As noted above, counter/timer 204 is controlled by a start input from process controller 180 and a stop input from sensor 12. When pulser 202 is triggered by process controller 180, counter/timer 204 is started, and when an output signal is received from sensor 12, counter/timer 204 is stopped. Thus, the time interval between a transmitted sensor pulse and the receipt of a reflected sensor signal is measured and output to process controller 180 wherein the time interval is converted first to a distance and then to a dimension of the measured object. Of course, system delays (i.e., time lags due to circuitry and components) must be compensated for, as known in the art, unless the outgoing signal time lags and incoming signal time lags cancel.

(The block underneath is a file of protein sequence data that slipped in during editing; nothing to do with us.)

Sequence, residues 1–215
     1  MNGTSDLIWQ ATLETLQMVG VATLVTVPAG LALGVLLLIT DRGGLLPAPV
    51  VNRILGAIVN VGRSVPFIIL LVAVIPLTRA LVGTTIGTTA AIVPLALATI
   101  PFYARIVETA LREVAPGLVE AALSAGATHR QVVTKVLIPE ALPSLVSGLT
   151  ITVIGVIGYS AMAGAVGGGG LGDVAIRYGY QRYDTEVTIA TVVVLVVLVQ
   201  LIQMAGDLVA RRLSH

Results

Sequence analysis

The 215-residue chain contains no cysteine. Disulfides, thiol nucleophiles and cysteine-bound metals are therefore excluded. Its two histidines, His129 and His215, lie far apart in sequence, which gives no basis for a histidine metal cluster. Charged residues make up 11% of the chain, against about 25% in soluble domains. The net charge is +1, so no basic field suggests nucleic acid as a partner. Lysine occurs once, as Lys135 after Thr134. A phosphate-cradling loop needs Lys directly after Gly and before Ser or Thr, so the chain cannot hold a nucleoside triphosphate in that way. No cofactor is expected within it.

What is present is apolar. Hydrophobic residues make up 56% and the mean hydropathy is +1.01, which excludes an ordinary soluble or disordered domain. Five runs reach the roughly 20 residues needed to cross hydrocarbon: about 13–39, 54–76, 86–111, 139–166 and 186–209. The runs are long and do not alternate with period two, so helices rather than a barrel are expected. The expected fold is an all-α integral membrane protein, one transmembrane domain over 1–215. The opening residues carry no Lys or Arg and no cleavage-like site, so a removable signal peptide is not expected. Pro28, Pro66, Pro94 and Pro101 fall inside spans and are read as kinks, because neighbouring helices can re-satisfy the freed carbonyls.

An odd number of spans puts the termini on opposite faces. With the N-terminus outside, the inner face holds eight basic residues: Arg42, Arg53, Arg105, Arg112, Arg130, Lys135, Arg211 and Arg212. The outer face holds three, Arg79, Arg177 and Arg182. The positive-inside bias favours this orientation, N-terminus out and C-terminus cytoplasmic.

Process controller 180 communicates with input/output means 206 which can comprise a host computer such as any commercially available personal computer or a dumb terminal in more sophisticated operations, a larger computer controlling numerous measuring stations. The output of the process controller 180 can be digitally displayed, as on a computer screen or via LED display, can be produced as hardcopy via printer or can be relayed to memory (RAM, hard disc, floppy disc) associated with an input/output means 206 and/or transmitted to any other desired location.
In order to correlate a measurement series (length, width, height) and calculated volume or total dimensions with a particular object measured, bar code reader (BCR) 208 is utilized to read a bar coded sticker or label affixed to the object measured, either before or after the measurement has taken place. Bar code reader 208 preferably outputs to process controller 180 but may alternatively output to input/output means 206.